# Poise-Stokes Converter

Created by Luis Hoyos
Last updated: Jul 06, 2022

If you need a tool to convert kinematic viscosity to dynamic viscosity, this poise stokes converter is for you!

To convert from centistokes to centipoise (cP to cSt), you need to know the density of the fluid. You can look it up with our density calculator (we have predefined density values for many materials).

Once you've mastered this poise stokes converter, you can learn more about water viscosity and how temperature affects it by checking out our water viscosity calculator.

## Kinematic and dynamics viscosity

In one-dimensional shear flow on Newtonian fluids, viscosity is a fluid property that relates the fluid shear stress to its strain rate:

$\tau = \eta(\text{d}u/\text{d}y)$

where:

• $\tau$ - Shear stress;
• $\eta$ - Dynamic viscosity; and
• $\text{d}u/\text{d}y$ - Shear strain.

Kinematic viscosity is simply dynamic viscosity divided by density:

$ν = η/ρ$

where:

• $ν$ - Kinematic viscosity;
• $η$ - Dynamic viscosity; and
• $ρ$ - Fluid density.

The importance of this new type of viscosity is because, in fluid mechanics, the ratio of dynamic viscosity to density often arises.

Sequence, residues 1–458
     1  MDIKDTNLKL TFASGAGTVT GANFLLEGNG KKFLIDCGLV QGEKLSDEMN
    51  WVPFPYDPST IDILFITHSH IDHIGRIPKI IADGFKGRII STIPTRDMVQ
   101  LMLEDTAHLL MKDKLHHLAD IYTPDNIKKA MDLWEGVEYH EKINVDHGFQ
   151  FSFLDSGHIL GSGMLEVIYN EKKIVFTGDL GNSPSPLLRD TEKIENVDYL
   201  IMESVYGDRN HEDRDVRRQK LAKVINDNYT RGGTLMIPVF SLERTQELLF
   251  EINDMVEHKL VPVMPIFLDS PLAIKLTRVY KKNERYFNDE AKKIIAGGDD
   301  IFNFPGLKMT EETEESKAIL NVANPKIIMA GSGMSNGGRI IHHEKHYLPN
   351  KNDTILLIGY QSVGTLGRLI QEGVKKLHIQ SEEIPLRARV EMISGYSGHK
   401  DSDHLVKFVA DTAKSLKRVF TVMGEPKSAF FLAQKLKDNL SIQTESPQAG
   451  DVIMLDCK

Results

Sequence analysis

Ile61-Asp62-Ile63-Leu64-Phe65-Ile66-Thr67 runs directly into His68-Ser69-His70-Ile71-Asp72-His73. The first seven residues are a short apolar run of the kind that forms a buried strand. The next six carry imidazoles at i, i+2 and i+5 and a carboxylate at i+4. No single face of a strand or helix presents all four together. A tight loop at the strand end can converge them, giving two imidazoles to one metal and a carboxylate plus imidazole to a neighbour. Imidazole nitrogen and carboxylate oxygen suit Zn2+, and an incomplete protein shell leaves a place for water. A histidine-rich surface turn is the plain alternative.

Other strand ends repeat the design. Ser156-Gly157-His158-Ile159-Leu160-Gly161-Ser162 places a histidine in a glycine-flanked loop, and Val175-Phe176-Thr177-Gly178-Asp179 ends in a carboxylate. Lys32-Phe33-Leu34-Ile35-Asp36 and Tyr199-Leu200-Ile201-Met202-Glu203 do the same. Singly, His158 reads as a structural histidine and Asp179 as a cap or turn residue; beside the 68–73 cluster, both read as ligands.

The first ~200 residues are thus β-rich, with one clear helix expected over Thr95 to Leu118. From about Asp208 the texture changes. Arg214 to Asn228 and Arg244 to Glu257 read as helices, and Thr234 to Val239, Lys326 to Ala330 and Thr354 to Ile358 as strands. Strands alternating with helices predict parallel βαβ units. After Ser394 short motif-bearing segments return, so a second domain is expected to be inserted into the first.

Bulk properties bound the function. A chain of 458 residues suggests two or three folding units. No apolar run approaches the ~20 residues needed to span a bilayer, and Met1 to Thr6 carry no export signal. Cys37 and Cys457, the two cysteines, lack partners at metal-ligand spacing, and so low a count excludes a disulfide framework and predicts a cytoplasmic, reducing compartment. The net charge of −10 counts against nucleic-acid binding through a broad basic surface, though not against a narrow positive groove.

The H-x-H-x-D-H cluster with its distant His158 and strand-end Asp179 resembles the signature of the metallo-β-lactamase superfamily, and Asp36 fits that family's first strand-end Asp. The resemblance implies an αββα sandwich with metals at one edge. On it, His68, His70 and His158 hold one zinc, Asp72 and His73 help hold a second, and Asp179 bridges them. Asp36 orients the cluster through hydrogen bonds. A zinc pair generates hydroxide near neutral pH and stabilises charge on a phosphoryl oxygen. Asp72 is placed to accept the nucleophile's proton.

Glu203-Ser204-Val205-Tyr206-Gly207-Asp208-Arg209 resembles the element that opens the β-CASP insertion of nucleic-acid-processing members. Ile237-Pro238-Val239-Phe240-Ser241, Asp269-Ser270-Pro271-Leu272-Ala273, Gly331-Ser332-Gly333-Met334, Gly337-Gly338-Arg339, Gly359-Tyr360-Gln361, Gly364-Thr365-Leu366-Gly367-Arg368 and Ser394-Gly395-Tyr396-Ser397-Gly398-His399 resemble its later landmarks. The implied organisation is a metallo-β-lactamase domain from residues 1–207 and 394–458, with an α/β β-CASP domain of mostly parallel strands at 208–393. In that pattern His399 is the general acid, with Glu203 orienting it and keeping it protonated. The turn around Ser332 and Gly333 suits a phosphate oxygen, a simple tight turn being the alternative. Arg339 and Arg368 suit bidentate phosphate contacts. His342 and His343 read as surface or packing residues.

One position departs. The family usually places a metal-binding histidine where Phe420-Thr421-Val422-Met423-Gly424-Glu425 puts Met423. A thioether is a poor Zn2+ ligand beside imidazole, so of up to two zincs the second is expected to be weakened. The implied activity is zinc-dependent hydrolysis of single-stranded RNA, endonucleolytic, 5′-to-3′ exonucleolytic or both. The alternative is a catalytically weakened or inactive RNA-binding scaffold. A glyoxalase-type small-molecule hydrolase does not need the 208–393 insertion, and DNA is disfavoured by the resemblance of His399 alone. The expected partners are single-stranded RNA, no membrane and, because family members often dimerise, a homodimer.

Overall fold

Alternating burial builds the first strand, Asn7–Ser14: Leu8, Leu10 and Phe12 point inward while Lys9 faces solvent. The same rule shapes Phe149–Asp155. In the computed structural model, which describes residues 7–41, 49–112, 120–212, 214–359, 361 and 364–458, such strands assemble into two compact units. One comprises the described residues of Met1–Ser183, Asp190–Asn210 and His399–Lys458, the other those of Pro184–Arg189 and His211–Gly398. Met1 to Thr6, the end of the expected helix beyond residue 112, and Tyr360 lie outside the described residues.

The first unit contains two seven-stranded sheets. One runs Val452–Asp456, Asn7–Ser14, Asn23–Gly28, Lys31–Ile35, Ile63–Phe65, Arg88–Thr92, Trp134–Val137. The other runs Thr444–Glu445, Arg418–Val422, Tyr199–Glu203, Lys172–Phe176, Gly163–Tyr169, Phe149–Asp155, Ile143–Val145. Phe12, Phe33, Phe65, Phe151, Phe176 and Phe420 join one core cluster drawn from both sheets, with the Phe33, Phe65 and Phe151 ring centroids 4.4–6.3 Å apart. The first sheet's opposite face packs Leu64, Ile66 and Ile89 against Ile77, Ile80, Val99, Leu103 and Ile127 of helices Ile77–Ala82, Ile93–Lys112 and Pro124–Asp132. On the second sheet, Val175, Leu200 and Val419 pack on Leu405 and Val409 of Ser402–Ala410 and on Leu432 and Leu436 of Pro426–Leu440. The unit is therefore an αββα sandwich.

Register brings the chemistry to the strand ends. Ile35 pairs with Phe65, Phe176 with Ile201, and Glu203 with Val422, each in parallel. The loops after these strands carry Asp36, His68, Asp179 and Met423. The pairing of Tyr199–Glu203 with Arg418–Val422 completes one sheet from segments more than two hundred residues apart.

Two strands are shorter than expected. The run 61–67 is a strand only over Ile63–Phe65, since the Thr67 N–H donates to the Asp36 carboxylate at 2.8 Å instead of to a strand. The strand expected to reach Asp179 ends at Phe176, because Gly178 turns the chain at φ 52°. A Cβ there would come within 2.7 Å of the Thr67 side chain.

## How to convert centistokes to centipoise (cSt to cP)

To convert kinematic viscosity to dynamic viscosity (centistokes to centipoise):

1. The first step to converting cSt to cP is determining the fluid density in kg/m³. If your density is not in kg/m³, you can use our density converter or:
• If the density is in g/cm³, multiply it by 1000 to convert it to kg/m³.
• If the density is in on/in³, multiply it by 1730.
• If it is in lb/ft³, multiply it by 16.02.
2. Multiply the kinematic viscosity (in cSt) by the density.
3. Divide the previous result by 1000.
4. That's it. Alternatively, you can use our poise stokes converter and do it faster.

Instead of following the previous steps or using the poise stokes converter, you can use the following formula:

$η\ (\text{in cP}) = \frac{ρ\ (\text{in kg/m³}) × ν\ (\text{in cSt})}{1000}$

where:

• $η (\text{in cP})$ — Dynamic viscosity, in centipoise;
• $ρ (\text{in kg/m³})$ — Density, in kg/m³;
• $ν (\text{in cSt})$ — Kinematic viscosity, centistoke.
Luis Hoyos
ν = η/ρ
Density (ρ)
lb/cu ft
Dynamic viscosity (η)
cP
Kinematic viscosity (ν)
cSt
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